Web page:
Bale                   114,463     49.3     10,245     4.4     46,184    19.9       31,336    13.5         -      -   30,052      12.9     232,280       100.0
Borena                 142,461     52.0      7,125     2.6     90,005    32.9        5,533     2.0         -      -   28,769      10.5     273,893       100.0
Somali - Rural          16,473     18.0      1,877     2.0     43,188    47.1       14,251    15.5        53     .1   15,862      17.3      91,704       100.0
Shinilc                  2,765     50.8        732    13.5        428     7.9        1,456    26.8        53    1.0        7       .1        5,441       100.0
Jigjiga                  4,127      6.7      1,072     1.7     40,137    65.5        9,165    15.0         -      -    6,777      11.1      61,278       100.0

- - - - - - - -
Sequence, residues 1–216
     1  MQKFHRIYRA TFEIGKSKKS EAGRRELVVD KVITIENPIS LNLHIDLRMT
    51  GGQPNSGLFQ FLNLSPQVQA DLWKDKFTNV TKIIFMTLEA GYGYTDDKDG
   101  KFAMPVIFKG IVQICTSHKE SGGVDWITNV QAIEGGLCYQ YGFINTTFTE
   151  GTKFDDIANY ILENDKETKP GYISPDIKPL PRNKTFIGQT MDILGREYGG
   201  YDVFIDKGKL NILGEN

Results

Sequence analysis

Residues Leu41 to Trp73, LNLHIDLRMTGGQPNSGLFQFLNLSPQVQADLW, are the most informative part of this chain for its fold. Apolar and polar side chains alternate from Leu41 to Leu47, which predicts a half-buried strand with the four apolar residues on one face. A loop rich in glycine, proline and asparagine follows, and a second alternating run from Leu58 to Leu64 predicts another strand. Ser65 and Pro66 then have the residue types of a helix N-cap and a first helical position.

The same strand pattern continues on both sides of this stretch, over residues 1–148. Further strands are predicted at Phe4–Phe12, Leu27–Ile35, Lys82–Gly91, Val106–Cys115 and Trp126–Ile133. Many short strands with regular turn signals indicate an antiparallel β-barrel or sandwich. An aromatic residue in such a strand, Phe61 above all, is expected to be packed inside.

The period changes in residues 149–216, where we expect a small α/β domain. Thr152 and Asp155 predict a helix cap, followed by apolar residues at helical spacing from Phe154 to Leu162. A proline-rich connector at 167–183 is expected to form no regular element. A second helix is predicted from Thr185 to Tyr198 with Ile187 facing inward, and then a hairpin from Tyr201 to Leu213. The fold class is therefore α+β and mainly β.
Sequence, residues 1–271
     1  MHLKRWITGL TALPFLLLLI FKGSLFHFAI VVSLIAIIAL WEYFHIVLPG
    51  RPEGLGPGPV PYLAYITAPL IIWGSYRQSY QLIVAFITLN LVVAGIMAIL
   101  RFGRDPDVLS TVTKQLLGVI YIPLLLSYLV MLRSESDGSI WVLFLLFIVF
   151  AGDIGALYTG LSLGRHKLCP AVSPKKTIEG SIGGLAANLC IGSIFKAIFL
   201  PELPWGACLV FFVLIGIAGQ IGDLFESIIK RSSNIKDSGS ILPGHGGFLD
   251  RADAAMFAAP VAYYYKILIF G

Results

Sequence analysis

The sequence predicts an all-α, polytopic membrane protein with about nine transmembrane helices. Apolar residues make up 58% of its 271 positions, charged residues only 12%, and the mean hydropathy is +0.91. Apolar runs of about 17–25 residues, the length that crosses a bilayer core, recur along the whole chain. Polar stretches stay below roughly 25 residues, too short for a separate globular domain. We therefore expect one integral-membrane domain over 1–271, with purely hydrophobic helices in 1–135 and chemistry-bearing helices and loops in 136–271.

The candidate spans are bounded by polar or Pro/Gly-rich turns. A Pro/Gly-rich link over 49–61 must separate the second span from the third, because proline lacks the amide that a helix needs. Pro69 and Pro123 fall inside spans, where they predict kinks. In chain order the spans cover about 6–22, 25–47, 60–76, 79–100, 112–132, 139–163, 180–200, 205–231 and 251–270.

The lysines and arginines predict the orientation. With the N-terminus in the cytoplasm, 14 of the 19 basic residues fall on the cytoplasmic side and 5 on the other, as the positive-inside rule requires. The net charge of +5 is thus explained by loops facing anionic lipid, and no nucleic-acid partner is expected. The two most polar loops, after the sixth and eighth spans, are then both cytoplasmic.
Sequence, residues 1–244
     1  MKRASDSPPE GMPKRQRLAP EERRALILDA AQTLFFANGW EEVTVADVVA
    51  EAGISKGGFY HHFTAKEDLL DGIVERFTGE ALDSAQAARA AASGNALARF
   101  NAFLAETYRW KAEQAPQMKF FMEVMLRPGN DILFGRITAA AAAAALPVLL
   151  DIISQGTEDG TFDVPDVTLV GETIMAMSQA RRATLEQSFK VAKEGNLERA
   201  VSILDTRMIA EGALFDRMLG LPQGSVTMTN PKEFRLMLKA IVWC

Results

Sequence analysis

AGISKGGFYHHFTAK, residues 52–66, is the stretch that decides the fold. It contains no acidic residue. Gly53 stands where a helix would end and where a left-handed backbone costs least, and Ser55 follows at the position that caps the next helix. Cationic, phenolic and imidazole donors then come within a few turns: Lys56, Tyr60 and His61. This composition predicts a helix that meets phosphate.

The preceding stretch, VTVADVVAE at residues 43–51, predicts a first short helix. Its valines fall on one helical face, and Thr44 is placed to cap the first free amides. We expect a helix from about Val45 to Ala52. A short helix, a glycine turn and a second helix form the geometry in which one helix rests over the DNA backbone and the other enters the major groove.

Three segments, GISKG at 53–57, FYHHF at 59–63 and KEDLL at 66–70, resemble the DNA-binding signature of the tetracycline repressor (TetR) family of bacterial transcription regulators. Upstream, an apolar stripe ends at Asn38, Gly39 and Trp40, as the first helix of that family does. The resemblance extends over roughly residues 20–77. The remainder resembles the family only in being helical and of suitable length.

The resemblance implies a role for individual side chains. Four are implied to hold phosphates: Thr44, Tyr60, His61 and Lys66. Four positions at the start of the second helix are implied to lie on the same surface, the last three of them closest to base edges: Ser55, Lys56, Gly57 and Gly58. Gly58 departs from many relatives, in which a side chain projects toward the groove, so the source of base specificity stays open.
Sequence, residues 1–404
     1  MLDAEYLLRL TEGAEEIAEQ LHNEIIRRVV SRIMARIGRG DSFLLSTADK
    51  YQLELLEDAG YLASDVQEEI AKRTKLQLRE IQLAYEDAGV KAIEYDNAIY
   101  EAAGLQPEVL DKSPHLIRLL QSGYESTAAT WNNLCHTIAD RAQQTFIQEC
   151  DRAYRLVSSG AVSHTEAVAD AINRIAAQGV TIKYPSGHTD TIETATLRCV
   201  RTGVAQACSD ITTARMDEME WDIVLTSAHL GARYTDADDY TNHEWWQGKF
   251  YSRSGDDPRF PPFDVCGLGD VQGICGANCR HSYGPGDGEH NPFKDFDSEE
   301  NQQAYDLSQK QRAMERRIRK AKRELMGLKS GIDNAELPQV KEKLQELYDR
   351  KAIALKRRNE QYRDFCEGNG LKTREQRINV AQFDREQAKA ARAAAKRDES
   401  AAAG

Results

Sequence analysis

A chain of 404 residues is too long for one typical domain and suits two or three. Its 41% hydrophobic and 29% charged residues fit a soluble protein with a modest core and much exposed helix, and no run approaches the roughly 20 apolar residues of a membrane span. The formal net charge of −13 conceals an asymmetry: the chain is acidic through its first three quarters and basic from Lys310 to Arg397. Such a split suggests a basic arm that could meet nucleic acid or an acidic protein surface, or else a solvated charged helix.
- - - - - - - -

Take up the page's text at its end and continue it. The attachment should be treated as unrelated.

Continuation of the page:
Moyale                   9,581     38.3         72      .3      2,623    10.5        3,630    14.5         -      -    9,078      36.3      24,984       100.0

                                                                                                                                                                 1
                                                  Table - 4 (Cont)
Distribution of Households by Source of Drinking Water and Region/Zone (Rural) - 1998

                                                                               Source of Drinking Water

  Region/Zone (Rural)       River, Lake        Protected       Unprotected           Public Tap           Own Tap         Others                 Total
                                              Well/Spring      Well/Spring             (Bono)